By Marc Gagné , MAPP Senior Privacy and Data Advocate, Cyber Intelligence and Director at Gagne Legal Services.

In a few short years before the 2016 presidential election in the U.S., various Republicans hired a data firm called Cambridge Analytica (CA) to boost their campaigns. The firm collected data on 50-60 million Facebook users within the span of 2-3 short months.

But CA is more than a data firm, according to Christopher Wylie, their former Head of Research. It’s a propaganda machine, he says, bent on doing much more than crunching data for clients. Their objective is to use the data they harvest to go out and actually change minds.

CEO Alexander Nix claims to be able to sway the hearts and minds of voters, and was caught on video, explicitly saying so. How could that be possible? The way it happened with the U.S. election was through those silly quizzes my old college friend was so fond of.

Facebook-Approved Apps With Alarming Privacy Terms Were the Key
CA used a Facebook app that paid users $1 to $2 every time they completed a personality quiz. The app was developed by Aleksandr Kogan, who coded privacy settings that would have made users’ hair stand on end if they knew what was happening.

By completing the quizzes and accepting the terms (and the money), Facebook users unwittingly gave Kogan’s app permission to access their list of Facebook friends… and those friends’ profiles. By touching just a few hundred thousand users with their app, they were able to grab personal profiles of around 50 million users because of that friends clause.

Facebook User Profiles Fueled a Propaganda Machine
Then, CA used the enormous trove of data to begin a military opps-style operation that went far beyond mere ‘data mining’. The quizzes revealed basic personality factors about the users, such as what they feared, their openness, and other tendencies. Even data on childhood trauma and intelligence were gleaned.

Then CA went to work. Using the personality tendency data they derived from quizzes, they created a massive online content campaign. Blog posts, articles… whatever various types of content people responded to, they created it and used it to speak to the fears and concerns of U.S. voters. Christopher Wylie called it a ‘web of disinformation’, used to sway perceptions and, in many cases, change people’s minds about the presidential candidates.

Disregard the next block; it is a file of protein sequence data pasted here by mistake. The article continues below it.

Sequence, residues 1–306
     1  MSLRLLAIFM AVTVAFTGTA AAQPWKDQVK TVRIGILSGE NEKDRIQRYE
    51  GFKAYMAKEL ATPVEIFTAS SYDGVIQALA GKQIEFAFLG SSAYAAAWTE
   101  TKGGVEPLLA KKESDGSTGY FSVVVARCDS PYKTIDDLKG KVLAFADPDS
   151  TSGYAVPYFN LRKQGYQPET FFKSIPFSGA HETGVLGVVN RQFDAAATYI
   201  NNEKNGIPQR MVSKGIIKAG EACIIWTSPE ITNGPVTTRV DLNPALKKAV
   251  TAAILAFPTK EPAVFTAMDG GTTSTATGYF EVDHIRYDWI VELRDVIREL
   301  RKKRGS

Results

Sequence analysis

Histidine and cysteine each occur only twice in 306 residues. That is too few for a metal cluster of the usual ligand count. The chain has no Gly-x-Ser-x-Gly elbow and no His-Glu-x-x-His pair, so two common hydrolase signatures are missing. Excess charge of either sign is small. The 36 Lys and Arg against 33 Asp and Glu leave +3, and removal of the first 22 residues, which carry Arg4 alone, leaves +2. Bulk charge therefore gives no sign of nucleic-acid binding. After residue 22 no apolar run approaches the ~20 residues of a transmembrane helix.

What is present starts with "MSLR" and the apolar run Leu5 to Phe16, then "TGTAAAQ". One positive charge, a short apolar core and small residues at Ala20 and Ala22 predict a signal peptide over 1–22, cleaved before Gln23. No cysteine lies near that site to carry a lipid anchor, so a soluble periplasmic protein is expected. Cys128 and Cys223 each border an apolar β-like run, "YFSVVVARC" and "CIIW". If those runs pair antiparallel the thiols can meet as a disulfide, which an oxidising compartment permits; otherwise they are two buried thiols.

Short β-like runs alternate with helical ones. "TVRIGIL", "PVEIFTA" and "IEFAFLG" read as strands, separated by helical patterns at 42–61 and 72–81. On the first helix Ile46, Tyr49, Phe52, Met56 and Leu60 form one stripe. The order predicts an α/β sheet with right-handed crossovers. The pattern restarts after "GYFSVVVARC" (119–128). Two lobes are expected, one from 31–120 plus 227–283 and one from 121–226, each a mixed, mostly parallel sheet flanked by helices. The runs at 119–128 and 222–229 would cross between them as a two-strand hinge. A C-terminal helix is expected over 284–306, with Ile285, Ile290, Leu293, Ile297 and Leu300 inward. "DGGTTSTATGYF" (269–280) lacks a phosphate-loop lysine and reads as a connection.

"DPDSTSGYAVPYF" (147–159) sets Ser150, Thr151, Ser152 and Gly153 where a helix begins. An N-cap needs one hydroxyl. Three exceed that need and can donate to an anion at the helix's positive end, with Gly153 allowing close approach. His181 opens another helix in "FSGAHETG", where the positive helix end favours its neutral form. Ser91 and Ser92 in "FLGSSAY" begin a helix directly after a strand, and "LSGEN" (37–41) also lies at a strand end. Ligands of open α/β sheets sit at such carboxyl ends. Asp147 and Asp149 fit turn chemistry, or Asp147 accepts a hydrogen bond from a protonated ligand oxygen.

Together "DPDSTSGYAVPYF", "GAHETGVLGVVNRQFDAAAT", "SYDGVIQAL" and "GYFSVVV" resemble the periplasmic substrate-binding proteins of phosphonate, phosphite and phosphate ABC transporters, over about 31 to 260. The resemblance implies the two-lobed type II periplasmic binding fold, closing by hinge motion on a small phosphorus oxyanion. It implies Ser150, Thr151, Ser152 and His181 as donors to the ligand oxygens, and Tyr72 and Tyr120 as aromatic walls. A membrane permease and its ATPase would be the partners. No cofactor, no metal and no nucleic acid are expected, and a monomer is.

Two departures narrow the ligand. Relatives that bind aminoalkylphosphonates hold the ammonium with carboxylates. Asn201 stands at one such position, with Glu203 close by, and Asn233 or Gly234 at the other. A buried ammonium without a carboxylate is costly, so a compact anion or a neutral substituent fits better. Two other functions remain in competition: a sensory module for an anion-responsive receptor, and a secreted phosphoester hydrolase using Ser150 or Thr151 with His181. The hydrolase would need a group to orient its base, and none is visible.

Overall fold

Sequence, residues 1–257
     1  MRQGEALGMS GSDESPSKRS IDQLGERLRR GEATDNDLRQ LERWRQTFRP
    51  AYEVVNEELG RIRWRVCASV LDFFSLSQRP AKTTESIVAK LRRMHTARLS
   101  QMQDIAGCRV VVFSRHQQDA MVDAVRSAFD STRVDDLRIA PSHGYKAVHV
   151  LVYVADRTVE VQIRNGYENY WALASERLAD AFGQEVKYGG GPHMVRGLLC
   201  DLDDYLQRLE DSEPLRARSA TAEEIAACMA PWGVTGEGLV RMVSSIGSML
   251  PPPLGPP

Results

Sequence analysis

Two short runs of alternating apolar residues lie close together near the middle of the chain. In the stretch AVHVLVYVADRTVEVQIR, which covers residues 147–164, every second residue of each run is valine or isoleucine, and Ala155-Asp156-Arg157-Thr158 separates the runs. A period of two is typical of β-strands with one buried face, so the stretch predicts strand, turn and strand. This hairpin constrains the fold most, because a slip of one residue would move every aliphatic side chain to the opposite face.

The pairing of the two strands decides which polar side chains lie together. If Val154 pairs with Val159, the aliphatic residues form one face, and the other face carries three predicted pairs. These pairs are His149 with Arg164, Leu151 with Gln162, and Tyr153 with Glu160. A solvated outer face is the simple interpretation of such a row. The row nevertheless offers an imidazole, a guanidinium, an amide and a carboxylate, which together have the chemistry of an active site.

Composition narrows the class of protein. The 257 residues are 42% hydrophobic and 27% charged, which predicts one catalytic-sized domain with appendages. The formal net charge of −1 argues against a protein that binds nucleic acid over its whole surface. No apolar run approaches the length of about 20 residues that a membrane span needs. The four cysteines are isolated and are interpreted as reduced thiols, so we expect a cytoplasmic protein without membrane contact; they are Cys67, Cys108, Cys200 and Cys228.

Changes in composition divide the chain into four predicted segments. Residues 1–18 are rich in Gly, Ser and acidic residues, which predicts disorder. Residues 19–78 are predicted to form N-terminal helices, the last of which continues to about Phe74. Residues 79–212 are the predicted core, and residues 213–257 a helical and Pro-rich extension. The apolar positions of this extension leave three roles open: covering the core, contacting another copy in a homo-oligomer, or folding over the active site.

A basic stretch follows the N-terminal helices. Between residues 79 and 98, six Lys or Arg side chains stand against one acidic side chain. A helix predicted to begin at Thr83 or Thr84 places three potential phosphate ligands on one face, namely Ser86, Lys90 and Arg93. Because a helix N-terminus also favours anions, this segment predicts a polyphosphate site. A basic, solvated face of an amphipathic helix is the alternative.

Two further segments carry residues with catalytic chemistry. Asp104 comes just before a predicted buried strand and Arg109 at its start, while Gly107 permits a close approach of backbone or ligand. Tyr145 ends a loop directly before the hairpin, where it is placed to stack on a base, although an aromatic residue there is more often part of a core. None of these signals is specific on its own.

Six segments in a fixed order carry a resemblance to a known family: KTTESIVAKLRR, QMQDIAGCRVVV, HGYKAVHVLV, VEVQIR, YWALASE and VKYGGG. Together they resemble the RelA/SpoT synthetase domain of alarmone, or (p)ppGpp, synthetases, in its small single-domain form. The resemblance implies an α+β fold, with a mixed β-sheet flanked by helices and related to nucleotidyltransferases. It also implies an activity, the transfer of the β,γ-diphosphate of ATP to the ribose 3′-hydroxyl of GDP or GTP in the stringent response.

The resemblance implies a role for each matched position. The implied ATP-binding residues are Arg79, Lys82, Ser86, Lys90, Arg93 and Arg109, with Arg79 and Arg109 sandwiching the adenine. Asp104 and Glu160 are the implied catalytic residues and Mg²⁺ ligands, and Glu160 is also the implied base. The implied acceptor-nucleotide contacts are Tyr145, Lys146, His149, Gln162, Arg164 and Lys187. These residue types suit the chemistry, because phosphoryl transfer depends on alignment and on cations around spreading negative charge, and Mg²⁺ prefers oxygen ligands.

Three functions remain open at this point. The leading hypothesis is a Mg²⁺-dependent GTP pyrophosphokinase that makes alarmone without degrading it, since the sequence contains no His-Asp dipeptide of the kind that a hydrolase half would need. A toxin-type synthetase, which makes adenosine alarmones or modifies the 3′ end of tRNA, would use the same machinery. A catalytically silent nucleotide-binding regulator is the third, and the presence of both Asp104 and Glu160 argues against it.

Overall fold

Facebook Plays a Role in World Affairs, Alright
And how does Mark Zuckerberg, CEO and founder of Facebook, feel about all this? The New York Times asked him if he felt any guilt for Facebook’s role in world affairs, which includes allowing his platform to be used as a tool for interference in a presidential election. Here’s what he said:

“We’re doing something here which is unprecedented, in terms of building a community for people all over the world to be able to share what matters to them, and connect across boundaries.”

-Mark Zuckerberg

Keep in mind that Kogan, developer of the overreaching app, claims a “close working relationship” with Facebook. He also claims that Facebook gave him permission to use the apps.

Facebook Has Never Been a Friend of Privacy
To understand Mark Zuckerburg’s view and why he seems to be hedging around taking any sort of real action, all we need to do is go back 14 years, when he started Facebook. In his own words, he reveals his general impression of ‘the masses’ and the sense of data-derived power that he held, even back then.

“I have over 4,000 emails, pictures, addresses, SNS. People just submitted it. I don’t know why. They ‘trust me.’ Dumb fucks”

-Mark Zuckerberg, 2004